No Ping Pong Here: Dual Points of View in The Black Hour

ping-pong-paddlesTackling more than one point of view is a difficult thing to do well, for any author. It’s especially difficult for a debut author. And when the points of view are of opposite genders… well, let’s just say that a first-time novelist might be biting off more than she can chew, getting in over her head, or [insert other cliche here]. You get the point.

Deb Lori Rader-Day took on the challenge of a dual viewpoint in her debut novel, The Black Hour, and did so with such skill that I could not imagine the story told any other way. She expertly alternates between the points of view of Amelia Emmet, a sociology professor, and her graduate assistant, Nathaniel Barber.

Emmet, who is still recovering emotionally and physically from a shooting injury inflicted by a student, is lost in a life that once felt familiar. Now her office has been remodeled, she walks with a cane, and her former live-in boyfriend/boss is newly married to someone else. Meanwhile, Barber is both depressed and obsessed–obsessed with Professor Emmet, that is, and unraveling the story behind the violent act that nearly killed her.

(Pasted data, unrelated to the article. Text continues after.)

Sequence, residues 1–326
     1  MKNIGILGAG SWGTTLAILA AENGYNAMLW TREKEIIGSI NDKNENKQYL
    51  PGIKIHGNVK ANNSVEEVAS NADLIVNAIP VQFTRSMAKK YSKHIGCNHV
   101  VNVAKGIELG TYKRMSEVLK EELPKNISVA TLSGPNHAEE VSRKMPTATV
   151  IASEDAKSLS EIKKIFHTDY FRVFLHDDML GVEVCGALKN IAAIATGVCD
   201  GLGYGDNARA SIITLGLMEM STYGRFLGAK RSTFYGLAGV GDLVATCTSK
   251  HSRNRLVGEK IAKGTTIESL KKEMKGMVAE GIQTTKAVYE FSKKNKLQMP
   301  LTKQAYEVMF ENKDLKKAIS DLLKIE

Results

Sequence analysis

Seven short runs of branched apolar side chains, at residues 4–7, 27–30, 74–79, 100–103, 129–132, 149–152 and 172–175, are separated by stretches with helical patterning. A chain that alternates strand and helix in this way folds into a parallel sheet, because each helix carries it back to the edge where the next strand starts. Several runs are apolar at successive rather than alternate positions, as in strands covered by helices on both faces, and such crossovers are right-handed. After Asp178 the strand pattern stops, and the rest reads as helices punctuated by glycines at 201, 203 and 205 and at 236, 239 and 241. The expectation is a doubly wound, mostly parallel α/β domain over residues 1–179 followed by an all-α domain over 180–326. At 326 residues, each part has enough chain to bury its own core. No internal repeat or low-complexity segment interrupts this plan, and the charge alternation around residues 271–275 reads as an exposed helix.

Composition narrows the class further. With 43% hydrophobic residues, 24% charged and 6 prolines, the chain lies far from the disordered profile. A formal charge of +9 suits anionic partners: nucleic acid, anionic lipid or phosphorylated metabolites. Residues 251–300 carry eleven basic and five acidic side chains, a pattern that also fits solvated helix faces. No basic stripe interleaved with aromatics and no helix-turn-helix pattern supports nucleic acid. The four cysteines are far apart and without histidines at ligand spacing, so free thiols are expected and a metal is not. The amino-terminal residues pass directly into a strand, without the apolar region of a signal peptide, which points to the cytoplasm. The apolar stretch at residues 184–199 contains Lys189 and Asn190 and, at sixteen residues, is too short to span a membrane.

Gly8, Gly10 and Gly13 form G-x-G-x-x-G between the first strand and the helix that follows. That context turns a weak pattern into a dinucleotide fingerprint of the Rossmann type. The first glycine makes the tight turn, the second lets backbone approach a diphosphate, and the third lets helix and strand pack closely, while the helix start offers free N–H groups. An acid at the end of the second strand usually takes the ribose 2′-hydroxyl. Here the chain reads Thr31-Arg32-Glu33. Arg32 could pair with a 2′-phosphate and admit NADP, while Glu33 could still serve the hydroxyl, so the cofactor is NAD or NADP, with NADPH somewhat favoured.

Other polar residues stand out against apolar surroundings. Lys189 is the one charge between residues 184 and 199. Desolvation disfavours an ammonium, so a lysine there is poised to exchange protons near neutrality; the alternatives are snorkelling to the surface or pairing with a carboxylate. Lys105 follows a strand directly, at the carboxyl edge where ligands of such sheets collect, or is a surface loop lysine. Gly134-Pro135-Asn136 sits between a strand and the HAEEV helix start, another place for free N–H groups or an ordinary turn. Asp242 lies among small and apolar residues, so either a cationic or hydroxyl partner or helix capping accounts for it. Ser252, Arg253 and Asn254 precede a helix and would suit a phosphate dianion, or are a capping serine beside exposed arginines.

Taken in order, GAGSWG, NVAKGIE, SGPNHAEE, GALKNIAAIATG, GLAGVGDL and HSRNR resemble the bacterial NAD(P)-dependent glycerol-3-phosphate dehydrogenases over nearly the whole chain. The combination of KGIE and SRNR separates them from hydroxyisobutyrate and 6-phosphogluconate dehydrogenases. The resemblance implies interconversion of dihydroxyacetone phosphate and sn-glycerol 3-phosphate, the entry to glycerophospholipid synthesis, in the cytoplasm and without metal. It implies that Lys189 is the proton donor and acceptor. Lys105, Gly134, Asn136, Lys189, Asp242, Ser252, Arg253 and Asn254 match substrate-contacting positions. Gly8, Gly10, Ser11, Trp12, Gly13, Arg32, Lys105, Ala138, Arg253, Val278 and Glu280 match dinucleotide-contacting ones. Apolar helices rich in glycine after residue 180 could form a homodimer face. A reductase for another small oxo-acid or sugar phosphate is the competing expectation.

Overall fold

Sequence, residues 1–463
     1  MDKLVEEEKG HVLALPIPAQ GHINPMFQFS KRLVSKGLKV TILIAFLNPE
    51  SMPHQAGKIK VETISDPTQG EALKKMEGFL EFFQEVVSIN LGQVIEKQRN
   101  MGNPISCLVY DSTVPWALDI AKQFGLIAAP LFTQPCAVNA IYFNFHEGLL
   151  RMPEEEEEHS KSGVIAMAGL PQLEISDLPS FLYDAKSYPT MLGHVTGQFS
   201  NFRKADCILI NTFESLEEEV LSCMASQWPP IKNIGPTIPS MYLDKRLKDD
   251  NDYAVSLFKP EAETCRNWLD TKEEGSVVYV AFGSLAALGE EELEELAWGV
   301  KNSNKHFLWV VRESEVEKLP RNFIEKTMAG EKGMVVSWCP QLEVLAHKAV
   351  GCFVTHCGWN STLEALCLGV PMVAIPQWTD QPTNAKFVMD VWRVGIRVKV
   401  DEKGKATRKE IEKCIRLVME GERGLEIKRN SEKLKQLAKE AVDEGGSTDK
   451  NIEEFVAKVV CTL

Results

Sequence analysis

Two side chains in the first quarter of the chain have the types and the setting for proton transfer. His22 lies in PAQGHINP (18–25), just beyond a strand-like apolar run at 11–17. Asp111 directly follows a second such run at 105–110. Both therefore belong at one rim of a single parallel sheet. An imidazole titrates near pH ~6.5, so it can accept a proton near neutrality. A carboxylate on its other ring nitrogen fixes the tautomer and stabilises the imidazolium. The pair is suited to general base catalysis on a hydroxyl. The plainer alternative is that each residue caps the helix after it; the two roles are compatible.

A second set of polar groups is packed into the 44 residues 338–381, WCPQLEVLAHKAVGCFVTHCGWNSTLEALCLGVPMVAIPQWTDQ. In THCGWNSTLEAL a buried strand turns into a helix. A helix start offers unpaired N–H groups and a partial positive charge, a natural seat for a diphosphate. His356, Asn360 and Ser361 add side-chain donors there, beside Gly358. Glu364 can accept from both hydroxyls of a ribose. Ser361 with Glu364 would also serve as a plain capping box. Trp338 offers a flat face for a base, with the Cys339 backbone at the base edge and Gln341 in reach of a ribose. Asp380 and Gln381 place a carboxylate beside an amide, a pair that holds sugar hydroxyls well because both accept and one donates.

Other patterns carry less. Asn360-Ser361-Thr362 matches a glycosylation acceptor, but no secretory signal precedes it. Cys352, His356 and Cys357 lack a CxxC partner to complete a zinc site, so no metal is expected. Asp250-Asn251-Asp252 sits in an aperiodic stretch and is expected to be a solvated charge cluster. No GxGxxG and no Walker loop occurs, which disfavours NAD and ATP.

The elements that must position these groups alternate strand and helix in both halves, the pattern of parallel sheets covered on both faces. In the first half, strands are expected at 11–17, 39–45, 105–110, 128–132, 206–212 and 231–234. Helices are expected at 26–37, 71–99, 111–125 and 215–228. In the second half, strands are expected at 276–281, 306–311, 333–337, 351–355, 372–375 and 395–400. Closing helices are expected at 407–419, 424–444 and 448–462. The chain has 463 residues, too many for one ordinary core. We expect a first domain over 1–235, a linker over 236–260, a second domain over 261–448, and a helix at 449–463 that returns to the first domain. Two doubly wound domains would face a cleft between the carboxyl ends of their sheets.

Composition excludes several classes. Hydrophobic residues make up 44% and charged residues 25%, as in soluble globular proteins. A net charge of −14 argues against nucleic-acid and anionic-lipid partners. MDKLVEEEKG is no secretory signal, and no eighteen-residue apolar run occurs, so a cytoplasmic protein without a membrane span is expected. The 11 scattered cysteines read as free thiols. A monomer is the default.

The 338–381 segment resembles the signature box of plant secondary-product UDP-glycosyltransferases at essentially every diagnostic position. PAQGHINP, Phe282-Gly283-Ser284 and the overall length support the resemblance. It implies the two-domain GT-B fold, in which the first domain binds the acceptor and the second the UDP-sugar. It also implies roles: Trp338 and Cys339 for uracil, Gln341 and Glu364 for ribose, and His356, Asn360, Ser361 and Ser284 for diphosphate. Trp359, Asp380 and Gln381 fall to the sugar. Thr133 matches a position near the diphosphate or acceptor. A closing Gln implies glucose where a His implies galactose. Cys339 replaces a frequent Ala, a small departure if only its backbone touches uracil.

With these two points of view, and the gaps in age, power, and gender, the narrative could easily feel like a ping pong game, with the reader hopping from one character’s head to the other. But Lori uses the gaps in viewpoints to her advantage. She reveals glimpses of the characters’ backstories with perfect pacing, urging the reader to keep turning pages to get answers, which she brilliantly withholds until the end. A dual viewpoint, with two distinct voices, proves the perfect vehicle for delivering this thrilling story.

What are some books you’ve enjoyed that employ multiple points of view?

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Susan Gloss is the author of the novel VINTAGE (William Morrow/HarperCollins, March 2014). When she's not writing, toddler wrangling, or working as an attorney, she blogs at Glossing Over It and curates an online vintage store, Cleverly Curated.

3 thoughts on “No Ping Pong Here: Dual Points of View in The Black Hour

  1. I loved this about The Black Hour, too! Come to think of it, most of my favorite novels feature alternate points of view. I think I just really enjoy seeing things from many perspectives, because there are always more sides to a story.

  2. The one that immediately leaps to mind is To Have and Have Not, by Hemingway, which is a negative example (no writer, no matter how great, can do everything well 🙂 ). (The movie, on the other hand, is one of my all-time favorites — mostly because they used so little of the book.)

    I think every story tells you how it should be told – – you just have to listen and not worry about anything else. My first novel is about two-thirds in third person omniscient and then goes to first person for the ending. I wouldn’t teach that in a writing class, but it worked for that book.

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